Mr. Suleiman Adamu, Nigeria’s Minister of Water Resources, has urged the private sector to contribute to the nation’s supply of potable water. When he was a guest on the News Agency of Nigeria (NAN) forum in Abuja he made the statement. He claimed that spending money on utilities would put an end to the continued politicking and lack of dedication on the part of state and local governments. The minister claims that, in accordance with the constitution, it is the duty of the state governments to provide water to the people.
He promised that the Federal Government would continue to do its part to keep its dams filled with water all year long. Adamu said it was concerning that many Nigerians believed that water was a social service that should be provided without charge and argued that, when used wisely, water could be a valuable economic resource. He claimed that efforts were being made to corporately restructure water agencies so they could generate income in a long-term way in collaboration with development partners. A state-owned organization or asset is corporatized when it is transformed into a corporation.
Corporate social responsibility has been entrusted to the private sector.
The minister claimed that as part of the Water, Sanitation and Hygiene strategy, the private sector and charitable organizations had been approached to engage in activities related to corporate social responsibility that would provide water for the people. According to Adamu, one of the best ways to encourage private sector investment is to increase the capacity of water institutions through an efficient regulatory framework like the proposed Water Resources Bill. With an effective public water supply, the minister argued that Nigeria had no business drilling indiscriminately for boreholes in response to the proliferation of them in the nation. He claimed that while borehole drilling could not be stopped by the federal government, the possibility of groundwater depletion was alarming.
According to him, licenses must be issued to businesses that mine water without restriction, and he gives the impression that those who break the rules will soon face consequences. Regarding the country’s river basin development, he claimed that the basin authorities had fulfilled their obligation to create jobs by transferring 50,000 hectares of land for industrial farming. He also stated that for optimal performance and repositioning, the ministry had started the partial commercialization of the Niger-Delta, Ogun-Osun, Upper-Niger, and Sokoto-Rima River basins in collaboration with the Bureau of Public Enterprises.
Introduction of river training to control recurrent flooding of rivers.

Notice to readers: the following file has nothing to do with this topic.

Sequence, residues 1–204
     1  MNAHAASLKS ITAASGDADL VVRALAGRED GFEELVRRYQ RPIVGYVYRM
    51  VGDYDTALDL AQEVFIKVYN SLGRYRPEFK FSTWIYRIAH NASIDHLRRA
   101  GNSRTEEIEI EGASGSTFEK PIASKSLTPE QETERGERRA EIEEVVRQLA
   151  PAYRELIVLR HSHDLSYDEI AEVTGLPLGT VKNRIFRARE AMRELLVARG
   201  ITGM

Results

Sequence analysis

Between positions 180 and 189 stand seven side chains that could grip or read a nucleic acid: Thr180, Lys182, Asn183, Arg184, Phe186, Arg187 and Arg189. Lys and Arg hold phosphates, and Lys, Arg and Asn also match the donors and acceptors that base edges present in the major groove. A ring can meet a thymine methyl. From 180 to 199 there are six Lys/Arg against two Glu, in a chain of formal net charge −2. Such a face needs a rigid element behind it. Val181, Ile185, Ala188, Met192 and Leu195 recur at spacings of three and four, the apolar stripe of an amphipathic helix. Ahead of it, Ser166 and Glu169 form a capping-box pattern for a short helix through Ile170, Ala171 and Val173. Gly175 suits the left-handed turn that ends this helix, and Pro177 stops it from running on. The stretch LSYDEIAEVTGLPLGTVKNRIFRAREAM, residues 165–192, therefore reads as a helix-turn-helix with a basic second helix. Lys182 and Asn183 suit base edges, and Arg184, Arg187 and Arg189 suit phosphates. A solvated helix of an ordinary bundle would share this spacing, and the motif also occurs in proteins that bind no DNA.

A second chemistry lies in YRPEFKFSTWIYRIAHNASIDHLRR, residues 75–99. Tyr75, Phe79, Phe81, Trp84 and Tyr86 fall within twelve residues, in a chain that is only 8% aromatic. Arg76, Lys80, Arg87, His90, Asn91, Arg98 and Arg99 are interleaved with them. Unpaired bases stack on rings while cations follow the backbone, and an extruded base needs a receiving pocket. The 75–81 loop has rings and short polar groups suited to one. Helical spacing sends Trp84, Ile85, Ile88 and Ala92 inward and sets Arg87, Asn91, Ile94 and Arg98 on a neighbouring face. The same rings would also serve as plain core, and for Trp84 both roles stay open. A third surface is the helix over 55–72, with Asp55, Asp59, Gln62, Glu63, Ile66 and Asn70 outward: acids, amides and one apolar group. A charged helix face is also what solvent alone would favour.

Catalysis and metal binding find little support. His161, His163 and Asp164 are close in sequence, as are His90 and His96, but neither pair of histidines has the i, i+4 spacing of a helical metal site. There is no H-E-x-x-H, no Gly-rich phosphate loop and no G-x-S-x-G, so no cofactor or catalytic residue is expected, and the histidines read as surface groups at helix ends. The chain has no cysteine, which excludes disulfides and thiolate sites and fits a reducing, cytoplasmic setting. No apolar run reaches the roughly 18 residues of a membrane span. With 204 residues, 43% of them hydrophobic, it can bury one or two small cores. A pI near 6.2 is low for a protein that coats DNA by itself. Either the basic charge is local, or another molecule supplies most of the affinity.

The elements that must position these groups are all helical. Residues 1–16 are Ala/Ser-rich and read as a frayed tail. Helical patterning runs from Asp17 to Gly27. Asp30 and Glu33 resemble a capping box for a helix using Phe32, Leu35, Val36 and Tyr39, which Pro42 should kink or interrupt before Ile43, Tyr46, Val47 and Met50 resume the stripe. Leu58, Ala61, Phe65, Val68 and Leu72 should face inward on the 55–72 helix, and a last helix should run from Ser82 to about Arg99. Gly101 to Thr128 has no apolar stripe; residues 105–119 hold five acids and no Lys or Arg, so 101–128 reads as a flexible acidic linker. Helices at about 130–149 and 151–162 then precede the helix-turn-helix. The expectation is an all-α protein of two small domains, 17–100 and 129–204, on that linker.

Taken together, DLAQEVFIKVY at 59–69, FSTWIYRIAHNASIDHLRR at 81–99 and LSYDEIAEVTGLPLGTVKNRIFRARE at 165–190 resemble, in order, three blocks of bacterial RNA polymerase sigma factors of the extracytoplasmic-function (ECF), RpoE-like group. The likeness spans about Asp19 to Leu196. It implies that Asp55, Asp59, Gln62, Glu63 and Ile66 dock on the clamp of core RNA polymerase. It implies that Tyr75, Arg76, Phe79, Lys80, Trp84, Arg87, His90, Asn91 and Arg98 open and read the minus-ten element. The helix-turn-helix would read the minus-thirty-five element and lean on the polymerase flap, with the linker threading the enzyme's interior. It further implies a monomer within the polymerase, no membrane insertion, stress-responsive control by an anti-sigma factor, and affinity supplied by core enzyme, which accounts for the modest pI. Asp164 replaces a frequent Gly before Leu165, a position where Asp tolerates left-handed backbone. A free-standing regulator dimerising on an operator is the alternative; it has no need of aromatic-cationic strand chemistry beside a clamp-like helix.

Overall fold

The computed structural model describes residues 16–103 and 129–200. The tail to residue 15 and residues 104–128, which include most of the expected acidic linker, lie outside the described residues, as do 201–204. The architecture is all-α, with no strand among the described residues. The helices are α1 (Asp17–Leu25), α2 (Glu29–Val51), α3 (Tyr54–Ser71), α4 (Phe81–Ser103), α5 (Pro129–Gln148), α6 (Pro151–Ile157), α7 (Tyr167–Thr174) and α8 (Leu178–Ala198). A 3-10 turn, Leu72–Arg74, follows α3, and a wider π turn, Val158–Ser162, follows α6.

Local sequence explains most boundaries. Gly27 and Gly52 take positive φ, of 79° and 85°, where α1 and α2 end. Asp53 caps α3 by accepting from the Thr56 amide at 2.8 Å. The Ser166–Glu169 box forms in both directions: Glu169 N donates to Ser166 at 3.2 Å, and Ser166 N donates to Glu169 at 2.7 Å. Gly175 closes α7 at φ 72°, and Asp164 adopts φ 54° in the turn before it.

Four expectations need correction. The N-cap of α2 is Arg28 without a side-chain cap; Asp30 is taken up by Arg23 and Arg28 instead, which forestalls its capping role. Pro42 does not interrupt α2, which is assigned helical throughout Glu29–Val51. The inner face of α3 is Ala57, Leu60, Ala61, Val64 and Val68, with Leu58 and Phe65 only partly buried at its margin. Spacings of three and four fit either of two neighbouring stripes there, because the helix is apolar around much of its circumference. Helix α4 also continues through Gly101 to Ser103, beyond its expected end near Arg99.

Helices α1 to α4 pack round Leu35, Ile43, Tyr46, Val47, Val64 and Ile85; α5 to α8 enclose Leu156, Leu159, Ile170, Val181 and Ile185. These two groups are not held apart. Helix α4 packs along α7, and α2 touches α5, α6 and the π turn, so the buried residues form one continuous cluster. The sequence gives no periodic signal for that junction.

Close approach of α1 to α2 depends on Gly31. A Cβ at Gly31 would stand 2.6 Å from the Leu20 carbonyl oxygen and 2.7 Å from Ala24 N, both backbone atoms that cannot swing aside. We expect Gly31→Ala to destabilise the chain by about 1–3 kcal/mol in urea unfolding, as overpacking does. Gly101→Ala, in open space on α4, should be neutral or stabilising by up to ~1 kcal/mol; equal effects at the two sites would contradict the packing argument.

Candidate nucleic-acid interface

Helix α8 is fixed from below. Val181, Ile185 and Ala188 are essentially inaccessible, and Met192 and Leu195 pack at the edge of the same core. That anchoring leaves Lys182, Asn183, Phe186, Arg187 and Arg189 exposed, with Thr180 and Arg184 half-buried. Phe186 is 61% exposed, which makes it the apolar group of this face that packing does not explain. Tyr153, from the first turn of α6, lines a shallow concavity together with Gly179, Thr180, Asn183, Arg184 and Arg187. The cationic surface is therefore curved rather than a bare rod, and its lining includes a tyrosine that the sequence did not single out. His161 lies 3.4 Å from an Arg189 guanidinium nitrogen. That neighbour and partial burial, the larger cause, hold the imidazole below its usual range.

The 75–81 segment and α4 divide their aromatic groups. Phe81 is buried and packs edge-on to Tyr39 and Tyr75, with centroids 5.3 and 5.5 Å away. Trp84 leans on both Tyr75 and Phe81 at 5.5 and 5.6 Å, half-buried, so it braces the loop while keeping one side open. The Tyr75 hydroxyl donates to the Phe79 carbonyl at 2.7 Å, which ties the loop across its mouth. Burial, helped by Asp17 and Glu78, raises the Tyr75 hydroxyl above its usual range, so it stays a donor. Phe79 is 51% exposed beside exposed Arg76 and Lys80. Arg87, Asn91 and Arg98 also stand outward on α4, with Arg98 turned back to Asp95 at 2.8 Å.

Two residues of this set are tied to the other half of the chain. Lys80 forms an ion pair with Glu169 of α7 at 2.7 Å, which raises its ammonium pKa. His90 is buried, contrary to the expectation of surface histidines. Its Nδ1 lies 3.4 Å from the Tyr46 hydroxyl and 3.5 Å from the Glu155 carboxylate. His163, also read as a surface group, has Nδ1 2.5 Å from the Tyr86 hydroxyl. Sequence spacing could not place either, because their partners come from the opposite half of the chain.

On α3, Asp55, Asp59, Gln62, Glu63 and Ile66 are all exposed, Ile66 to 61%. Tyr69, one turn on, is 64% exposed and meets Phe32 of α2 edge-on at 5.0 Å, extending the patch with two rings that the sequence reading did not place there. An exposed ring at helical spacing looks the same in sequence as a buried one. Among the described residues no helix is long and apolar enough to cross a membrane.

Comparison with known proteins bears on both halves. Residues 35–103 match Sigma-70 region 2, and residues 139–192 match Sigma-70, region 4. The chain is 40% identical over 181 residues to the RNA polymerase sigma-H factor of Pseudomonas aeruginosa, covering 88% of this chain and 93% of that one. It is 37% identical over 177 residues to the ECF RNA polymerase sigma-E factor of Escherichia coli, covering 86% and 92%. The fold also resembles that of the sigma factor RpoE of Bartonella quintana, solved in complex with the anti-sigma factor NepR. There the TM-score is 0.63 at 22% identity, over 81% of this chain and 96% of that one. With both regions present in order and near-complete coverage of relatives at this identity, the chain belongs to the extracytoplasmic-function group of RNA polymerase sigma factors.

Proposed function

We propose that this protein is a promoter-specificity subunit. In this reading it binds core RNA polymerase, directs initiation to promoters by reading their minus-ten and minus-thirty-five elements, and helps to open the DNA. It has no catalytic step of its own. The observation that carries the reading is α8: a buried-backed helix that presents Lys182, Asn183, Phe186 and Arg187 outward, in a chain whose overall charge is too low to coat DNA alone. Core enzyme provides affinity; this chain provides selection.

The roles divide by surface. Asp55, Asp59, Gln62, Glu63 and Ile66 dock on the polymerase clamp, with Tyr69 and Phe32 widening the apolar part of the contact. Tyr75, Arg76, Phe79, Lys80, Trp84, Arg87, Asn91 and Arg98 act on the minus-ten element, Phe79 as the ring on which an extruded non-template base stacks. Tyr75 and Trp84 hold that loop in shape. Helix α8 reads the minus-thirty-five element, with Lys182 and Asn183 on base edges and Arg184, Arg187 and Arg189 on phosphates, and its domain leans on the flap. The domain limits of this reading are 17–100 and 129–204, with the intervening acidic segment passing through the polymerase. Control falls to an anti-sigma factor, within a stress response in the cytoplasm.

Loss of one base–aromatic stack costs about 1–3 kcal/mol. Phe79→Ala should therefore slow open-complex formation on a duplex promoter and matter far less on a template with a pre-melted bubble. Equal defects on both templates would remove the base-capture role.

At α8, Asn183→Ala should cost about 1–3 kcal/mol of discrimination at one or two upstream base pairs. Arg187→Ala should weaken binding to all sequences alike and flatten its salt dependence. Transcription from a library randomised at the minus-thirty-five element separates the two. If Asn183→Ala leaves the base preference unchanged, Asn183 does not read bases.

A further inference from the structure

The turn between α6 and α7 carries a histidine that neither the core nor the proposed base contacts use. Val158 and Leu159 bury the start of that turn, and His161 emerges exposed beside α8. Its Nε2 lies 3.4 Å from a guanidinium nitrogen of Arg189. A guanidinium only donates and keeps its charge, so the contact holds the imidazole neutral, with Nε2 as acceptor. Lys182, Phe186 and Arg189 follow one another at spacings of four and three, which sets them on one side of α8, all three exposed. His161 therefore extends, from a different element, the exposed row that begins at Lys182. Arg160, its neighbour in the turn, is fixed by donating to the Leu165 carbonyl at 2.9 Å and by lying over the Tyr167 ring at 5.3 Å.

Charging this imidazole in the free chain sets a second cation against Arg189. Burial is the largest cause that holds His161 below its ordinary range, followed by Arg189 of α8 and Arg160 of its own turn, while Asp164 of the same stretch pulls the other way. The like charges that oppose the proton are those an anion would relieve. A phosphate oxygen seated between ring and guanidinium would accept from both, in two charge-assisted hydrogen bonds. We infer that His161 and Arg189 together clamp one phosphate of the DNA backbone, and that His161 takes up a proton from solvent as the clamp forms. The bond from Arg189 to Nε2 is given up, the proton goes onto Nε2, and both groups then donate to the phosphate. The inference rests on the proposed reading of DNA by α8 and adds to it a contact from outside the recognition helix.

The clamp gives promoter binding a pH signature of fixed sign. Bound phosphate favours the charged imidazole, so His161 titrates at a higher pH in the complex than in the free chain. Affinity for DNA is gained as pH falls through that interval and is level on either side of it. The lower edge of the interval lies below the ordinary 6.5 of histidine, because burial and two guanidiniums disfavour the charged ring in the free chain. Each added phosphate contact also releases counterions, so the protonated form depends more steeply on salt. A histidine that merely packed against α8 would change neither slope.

Adamu officially confirmed the implementation of river training to control the Niger and Benue rivers’ recurrent flooding in an effort to prevent disasters and humanitarian crises. He claimed that the ministry’s Annual Flood Outlook 2022 had shown widespread severe flooding, necessitating the need for Nigerians to exercise caution. He stated that the river training would involve dredging, the construction of some structural elements, such as dykes or embankments, as well as the reclamation of some floodplains.
Having a masterplan was the first step, adding that the proposed river training would cost about $14 billion and would take more than one administration to complete. While citing examples of developed nations’ attempts to tame their rivers, such as Hungary, Adamu claimed that Nigeria would learn from their mistakes and effectively implement their methods. The minister continued by discussing Nigeria’s hosting of the World Toilet Summit in November, saying it would be an opportunity to highlight the nation’s initiatives to expand sanitation and hygiene. He claimed that having access to a toilet was the most affordable medicine and that it was an investment that could solve more than 60% of all the nation’s health issues.
Poor water access is linked to a higher burden enteric disease.
High morbidity and mortality rates among children under five are largely caused by a lack of access to better water and sanitation in Nigeria. Due to the use of contaminated drinking water and unsanitary conditions, people are more susceptible to water-borne illnesses, such as diarrhea, which kills more than 70,000 children under the age of five every year. A lack of access to adequate water, sanitation, and hygiene (WASH) is linked to 73% of the burden of diarrheal and enteric diseases, which is disproportionately carried by children from lower socioeconomic backgrounds. Children who experience WASH-related illness on a regular basis are more likely to miss school and suffer from malnutrition. Only 26.5% of the population utilizes modernized sanitation and drinking water systems.